My son just turned 1 on the weekend, and he is starting to walk. It is such pure joy watching him get up from a sitting position, holding on to furniture, cruising around that furniture, then letting go and taking a few steps. He looks so proud of himself and my squealing makes him laugh but then he realizes what he’s doing and immediately gets down to all-fours.
We are born completely helpless – we require someone to feed, clothe and shelter us. Yet, in the span of 12 short months, most of us are starting to walk, we are feeding ourselves and starting to form sounds that turn into words and speech. It truly is amazing that our species has survived given how completely helpless we are at birth.
I feel incredibly fortunate to have been given the opportunity to watch this development first hand, twice now. It makes my job as a family doctor actually a lot easier because I now noticed problems in my patients a lot earlier. Please don’t misunderstand me – it’s not that I didn’t know how to look for developmental issues, it just became easier for me to see them in other children. Having had children, I now have first hand knowledge of what I am expected to see at certain ages, rather than memorized book knowledge. It comes much more naturally to me now, whereas before having children, I would be referring to the checklist more often.
At every well-baby visit, I ask about developmental milestones. Sometimes I get a straight answer, sometimes I don’t. I’ll give you an example.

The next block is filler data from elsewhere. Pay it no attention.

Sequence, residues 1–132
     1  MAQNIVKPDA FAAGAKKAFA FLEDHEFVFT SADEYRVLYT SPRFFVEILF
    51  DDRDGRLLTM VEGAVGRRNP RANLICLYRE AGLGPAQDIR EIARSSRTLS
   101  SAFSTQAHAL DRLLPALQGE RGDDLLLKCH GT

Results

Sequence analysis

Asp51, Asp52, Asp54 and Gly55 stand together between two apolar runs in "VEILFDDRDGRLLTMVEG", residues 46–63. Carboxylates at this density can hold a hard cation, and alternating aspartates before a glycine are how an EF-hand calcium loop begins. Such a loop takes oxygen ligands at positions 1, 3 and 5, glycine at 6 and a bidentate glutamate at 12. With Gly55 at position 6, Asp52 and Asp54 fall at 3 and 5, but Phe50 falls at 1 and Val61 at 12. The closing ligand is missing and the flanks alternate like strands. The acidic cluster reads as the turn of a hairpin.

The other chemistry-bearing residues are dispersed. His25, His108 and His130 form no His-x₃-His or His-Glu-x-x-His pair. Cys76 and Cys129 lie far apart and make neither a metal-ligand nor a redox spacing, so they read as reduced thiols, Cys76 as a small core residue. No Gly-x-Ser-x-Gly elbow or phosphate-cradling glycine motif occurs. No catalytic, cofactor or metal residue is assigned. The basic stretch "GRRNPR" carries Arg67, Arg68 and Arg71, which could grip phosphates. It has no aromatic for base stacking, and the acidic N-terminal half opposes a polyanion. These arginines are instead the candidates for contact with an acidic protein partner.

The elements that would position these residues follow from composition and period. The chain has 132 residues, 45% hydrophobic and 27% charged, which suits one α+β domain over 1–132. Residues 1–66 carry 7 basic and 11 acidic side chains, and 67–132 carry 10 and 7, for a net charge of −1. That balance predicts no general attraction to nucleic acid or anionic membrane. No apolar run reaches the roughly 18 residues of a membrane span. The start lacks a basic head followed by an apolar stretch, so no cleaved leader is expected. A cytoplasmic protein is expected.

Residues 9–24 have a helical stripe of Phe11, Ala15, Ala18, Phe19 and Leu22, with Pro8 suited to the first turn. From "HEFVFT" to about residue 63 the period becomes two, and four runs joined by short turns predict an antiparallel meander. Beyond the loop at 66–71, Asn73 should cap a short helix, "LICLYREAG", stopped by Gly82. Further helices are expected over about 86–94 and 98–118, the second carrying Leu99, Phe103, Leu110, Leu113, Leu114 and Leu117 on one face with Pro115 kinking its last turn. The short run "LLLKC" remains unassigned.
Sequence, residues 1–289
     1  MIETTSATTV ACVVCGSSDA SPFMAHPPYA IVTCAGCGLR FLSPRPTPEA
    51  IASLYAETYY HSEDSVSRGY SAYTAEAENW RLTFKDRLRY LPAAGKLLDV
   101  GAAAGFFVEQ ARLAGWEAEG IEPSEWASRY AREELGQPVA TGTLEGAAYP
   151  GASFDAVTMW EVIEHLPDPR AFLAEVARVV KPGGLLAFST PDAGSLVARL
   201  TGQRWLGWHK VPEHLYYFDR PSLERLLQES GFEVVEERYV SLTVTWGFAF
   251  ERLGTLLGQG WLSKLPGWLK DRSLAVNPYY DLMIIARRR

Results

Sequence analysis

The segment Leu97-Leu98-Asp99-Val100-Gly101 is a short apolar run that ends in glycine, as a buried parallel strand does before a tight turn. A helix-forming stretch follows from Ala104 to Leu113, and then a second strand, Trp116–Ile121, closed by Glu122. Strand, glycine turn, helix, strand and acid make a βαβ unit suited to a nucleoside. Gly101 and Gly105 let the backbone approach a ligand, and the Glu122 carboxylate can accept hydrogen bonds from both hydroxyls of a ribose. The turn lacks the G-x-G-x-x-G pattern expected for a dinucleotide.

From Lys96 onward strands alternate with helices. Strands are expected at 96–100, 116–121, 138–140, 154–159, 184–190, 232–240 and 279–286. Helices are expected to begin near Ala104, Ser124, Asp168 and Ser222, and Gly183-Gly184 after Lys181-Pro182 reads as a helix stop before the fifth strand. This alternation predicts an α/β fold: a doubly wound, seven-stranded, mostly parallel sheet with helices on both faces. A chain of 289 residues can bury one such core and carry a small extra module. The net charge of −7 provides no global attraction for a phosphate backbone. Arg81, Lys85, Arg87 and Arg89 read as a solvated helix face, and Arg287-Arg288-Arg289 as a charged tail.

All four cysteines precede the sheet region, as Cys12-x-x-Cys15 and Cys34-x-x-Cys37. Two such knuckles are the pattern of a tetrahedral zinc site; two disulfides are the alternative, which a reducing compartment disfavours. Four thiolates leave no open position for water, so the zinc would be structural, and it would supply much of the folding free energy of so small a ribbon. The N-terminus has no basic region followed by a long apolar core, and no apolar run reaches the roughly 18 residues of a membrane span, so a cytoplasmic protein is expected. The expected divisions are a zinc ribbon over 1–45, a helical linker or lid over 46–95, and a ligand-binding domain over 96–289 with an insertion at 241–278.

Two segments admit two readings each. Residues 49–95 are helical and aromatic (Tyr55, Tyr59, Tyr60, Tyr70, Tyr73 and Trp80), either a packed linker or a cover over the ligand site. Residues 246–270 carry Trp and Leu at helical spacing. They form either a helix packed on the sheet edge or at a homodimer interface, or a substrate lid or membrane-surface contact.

Me: “So, is Bobby (fake name), starting to pull himself up to stand?”
Parent: “Well, if we lift him up to a standing position, he’ll hold on to the furniture.”
Me: “But can he do it on his own?”
Parent: “Probably, but we usually do it for him.”
Me: “Have you seen him sitting on the floor, reaching up to the table and pulling himself up to a standing position?”
Parent: “Well, sometimes I find him standing when I come into the room, so I guess he does, yes.”
So, rather than ask questions, I’ve been finding that I get a lot more information by just watching the infant on the exam table. Is she sitting independently, looking around, bringing both hands to her mouth, making coo-ing noises? Is the toddler pointing at things, making eye contact? Is his walking/cruising well-coordinated? When a developmental milestone has not been met, it’s quite obvious and also a huge red-flag. Sometimes issues are caught early, like the 9 month old who was clearly dragging one leg when he crawled. A few months later he was diagnosed with a mild case of cerebral palsy, but with intense physiotherapy, the boy is walking pretty normally now.
When I started this blog, I talked about how becoming a mother has made me a better physician. I haven’t really discussed how. I really love the well-baby visits. For the most part, they are easy appointments with healthy children, but every now and then, with the proper screening question or close observation, I stumble upon some pathology that I might not have noticed before. The knowledge and experience I’ve accumulated in the last 6 years that I’ve been practicing medicine comes not only from the day-to-day encounters with patients but from the life experience I’ve gained being a mother, a woman, and a wife.
Thanks for reading.